‘B’ is for Blended Learning – The A to Z of Learning Ls

I have talked about blended learning before but it is my ‘B’ on the A to Z list of learning.  When I was employed at Macquarie University I had the privilege of being involved in a blended learning course for academics.  It was great to see some of the academics realising they were already adopting blended learning practices and to see some academics take on a new approach in a small way that could possibly make a big difference, like presenting their assessment task in a slightly alternative way to usual with the help of technology.

Blended learning to me is the appropriately balanced facilitation of learning through a mix of face-to-face (f2) lessons and online lessons.  But how do you get balance between f2f and online learning?  How do you decide what goes online and what is done in a f2f lesson?  This prompts my thinking on blended learning and how it relates to the training sessions I facilitate at school with staff who are learning new technology skills and how I can make it a blended learning approach.  Right now my IT training sessions consist of about 5 teachers spending about 50 minutes with me and learning probably only 1 new skill at a time.  It is all led by me and not greatly varied at the moment.  I would really like to develop the model I use for designing and developing training sessions and materials so that it is more blended and would like to be able to ask the teachers to complete an activity online between sessions as well, but being time poor is often the issue.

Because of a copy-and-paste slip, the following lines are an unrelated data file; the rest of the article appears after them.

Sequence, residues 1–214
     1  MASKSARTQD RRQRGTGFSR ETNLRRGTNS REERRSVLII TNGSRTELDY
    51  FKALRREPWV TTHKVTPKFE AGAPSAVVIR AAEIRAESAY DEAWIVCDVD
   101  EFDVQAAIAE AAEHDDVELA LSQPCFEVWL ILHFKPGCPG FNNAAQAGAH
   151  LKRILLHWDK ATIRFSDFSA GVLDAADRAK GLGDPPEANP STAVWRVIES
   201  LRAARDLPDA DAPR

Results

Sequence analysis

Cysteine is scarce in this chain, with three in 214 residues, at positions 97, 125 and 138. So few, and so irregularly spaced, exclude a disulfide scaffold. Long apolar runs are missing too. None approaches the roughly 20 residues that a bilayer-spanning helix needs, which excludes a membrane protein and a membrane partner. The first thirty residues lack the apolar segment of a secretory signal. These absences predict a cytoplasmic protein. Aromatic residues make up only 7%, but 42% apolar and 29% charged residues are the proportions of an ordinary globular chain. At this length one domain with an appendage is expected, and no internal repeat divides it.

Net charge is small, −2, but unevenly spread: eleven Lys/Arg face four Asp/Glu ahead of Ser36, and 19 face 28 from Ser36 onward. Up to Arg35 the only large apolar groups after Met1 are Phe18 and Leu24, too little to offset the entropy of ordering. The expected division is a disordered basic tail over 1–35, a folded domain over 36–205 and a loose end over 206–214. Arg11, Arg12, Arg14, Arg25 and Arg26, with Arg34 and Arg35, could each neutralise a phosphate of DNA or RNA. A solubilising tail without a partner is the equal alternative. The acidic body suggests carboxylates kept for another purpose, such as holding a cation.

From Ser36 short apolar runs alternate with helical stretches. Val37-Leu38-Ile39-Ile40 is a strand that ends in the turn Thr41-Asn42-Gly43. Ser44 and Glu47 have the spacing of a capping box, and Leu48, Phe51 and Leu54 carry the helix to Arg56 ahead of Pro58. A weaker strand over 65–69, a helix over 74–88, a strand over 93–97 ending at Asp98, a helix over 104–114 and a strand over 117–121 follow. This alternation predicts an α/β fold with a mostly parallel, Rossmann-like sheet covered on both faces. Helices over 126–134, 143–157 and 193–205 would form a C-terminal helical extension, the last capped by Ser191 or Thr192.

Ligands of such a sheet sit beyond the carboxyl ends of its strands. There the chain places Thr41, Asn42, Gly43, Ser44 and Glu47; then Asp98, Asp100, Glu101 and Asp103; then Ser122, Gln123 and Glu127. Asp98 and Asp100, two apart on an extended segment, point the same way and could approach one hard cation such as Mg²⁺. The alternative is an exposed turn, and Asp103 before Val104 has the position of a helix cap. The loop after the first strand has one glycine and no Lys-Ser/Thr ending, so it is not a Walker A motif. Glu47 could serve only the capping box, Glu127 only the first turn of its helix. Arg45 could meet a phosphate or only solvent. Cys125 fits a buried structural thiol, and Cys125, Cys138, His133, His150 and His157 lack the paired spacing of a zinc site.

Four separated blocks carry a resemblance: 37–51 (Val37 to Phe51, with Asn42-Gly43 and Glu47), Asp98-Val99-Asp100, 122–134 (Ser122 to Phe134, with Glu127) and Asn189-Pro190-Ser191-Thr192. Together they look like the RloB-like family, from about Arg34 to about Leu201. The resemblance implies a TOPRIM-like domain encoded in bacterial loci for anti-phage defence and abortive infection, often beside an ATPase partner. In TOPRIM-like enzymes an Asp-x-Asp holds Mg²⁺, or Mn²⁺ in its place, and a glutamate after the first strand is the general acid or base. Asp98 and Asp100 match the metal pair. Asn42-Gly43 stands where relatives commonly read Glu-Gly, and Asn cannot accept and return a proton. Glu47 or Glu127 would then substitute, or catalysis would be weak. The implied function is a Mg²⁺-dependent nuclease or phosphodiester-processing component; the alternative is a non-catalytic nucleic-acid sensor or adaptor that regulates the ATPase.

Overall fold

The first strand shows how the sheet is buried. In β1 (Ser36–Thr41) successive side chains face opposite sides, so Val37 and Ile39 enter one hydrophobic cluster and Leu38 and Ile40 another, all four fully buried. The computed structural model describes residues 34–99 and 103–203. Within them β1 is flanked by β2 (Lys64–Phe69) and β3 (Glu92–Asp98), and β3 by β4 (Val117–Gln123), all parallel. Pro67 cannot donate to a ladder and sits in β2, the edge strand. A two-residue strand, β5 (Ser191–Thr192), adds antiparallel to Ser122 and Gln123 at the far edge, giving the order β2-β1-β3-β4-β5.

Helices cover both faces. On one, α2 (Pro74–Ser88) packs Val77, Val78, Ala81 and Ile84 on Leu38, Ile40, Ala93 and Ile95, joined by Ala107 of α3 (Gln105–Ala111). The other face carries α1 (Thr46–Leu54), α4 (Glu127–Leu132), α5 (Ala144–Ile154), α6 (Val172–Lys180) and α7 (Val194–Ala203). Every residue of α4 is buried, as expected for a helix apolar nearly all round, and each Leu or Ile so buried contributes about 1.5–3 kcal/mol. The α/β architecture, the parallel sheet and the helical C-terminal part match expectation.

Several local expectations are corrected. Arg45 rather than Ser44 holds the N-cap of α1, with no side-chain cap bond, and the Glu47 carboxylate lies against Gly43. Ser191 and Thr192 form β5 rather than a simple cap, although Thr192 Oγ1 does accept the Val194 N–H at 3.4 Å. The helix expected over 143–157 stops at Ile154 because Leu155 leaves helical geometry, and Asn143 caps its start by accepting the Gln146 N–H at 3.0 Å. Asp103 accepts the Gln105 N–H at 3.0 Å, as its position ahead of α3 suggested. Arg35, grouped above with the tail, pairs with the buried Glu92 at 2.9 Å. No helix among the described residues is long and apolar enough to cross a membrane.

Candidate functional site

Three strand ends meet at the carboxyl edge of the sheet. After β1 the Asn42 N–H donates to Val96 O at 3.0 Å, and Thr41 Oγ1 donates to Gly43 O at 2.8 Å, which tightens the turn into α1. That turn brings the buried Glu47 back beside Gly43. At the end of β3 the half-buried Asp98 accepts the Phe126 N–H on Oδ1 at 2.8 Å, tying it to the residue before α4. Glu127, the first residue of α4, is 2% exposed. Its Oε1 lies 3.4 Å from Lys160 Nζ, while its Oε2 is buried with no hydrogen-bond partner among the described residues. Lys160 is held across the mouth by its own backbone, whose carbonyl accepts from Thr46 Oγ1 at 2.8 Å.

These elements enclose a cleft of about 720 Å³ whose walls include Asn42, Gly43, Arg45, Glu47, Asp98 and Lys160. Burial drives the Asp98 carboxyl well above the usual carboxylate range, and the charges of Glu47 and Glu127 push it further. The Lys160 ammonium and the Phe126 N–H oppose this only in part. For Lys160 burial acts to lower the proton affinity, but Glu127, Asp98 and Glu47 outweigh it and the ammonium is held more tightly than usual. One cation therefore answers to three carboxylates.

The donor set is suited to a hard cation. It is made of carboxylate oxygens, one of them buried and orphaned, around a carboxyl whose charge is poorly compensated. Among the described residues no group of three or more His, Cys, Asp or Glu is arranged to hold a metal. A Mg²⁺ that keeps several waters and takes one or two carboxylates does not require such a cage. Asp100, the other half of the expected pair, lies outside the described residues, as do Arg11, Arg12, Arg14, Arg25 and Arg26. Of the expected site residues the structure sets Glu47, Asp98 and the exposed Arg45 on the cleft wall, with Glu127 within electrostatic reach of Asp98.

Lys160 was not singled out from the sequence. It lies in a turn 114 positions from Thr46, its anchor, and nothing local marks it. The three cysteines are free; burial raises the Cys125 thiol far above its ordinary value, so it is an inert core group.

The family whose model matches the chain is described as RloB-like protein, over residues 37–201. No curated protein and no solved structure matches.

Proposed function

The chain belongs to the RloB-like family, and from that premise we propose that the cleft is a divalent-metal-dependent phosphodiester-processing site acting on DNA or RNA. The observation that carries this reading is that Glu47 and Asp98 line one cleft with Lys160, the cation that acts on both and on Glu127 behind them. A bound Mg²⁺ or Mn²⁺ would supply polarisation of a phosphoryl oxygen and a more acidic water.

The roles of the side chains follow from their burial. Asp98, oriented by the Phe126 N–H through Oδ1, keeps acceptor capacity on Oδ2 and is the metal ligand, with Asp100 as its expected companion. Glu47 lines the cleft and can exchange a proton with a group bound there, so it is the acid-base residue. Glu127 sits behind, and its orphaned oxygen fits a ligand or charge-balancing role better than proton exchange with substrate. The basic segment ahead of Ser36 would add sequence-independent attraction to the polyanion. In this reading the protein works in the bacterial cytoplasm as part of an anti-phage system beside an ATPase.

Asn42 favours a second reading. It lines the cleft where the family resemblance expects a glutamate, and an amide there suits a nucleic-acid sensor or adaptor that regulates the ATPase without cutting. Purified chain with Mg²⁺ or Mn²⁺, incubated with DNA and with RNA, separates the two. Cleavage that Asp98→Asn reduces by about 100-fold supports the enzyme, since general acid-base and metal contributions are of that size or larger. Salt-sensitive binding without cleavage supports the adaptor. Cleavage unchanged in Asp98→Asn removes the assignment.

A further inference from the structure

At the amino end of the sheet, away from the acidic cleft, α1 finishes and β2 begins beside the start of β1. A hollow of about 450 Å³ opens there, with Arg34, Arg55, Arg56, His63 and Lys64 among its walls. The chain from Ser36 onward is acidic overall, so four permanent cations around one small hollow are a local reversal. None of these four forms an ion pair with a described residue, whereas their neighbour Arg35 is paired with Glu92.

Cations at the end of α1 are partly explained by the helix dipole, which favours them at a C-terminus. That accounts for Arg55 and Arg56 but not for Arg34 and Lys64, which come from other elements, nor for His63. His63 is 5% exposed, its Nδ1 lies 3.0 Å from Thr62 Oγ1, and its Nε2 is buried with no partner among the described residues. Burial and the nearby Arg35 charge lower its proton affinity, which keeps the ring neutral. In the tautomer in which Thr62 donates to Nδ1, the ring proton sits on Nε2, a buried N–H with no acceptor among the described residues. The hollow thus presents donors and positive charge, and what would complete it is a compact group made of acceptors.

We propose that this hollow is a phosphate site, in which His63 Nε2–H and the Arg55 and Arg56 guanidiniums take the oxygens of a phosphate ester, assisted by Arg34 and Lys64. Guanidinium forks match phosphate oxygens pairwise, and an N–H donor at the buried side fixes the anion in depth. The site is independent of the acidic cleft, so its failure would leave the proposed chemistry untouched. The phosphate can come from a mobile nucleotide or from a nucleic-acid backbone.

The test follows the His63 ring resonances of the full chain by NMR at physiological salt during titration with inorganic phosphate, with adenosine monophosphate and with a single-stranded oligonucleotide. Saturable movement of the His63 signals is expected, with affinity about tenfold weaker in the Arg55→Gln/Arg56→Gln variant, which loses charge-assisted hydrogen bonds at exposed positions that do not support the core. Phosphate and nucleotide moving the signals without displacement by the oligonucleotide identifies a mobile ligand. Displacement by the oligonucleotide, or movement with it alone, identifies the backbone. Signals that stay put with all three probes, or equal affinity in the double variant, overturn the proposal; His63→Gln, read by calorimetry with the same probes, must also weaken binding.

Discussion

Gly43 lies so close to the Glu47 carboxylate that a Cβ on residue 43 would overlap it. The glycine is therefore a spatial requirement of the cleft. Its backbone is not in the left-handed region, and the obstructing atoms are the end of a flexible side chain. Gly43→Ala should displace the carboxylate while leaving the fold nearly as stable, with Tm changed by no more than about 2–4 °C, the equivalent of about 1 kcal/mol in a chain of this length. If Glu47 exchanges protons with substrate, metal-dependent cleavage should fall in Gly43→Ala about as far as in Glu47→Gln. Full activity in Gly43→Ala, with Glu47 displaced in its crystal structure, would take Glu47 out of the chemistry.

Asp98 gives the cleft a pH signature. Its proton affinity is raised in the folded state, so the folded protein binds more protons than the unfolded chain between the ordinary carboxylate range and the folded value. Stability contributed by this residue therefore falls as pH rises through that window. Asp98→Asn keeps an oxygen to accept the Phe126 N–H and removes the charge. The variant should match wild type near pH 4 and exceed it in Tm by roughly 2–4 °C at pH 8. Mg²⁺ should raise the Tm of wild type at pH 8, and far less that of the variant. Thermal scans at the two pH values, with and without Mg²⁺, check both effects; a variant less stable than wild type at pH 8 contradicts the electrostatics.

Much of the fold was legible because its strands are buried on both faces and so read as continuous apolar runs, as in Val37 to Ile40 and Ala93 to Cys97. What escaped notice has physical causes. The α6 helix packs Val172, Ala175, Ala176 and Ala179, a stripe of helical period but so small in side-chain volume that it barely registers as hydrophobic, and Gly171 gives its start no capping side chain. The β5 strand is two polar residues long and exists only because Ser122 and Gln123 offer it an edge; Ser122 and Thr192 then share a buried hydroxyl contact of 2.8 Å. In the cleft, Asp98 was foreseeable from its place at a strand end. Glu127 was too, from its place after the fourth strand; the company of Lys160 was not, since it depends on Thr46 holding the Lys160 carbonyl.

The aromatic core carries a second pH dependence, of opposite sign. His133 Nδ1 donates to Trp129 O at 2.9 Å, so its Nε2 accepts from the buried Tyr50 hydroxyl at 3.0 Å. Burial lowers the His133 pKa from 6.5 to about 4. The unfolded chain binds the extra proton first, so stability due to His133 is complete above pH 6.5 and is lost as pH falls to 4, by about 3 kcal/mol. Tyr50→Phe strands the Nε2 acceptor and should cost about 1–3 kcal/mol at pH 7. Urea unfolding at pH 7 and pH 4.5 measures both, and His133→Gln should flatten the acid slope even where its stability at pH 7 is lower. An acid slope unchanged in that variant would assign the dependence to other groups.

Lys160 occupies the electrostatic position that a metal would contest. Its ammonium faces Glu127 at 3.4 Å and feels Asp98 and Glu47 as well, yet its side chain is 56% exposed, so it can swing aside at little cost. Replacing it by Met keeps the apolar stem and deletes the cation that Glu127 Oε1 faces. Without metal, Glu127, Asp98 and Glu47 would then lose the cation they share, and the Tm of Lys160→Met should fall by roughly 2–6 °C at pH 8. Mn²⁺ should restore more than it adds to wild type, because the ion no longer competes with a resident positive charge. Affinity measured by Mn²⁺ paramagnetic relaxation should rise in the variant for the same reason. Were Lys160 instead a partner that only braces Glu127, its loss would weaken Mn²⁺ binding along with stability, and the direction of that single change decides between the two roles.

How could I develop a blended learning model for professional development based on these constraints?  The University of Central Florida (UCF) offers some very helpful principles on blended learning design that might be worth considering, they are:

  1. Focus on outcomes – goals and objectives for the course
  2. Interaction – maximise opportunities for student-student and instructor-student interactions
  3. Redesign – think about redesign of the course not just changing parts of the course
  4. Integrate/integration
  5. Keep It Simple Starting (KISS) – don’t take on too much too soon
  6. Allow time
  7. Organisation – logical sequence of learning activities
  8. Student expectations – make explicit what they need to know

These are just some of the things to be considered when designing blended learning. My next post will look at Constructivist learning.

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2 thoughts on “‘B’ is for Blended Learning – The A to Z of Learning Ls

  1. Pingback: The complete (almost) A to Z of learning Ls | Kristina Hollis

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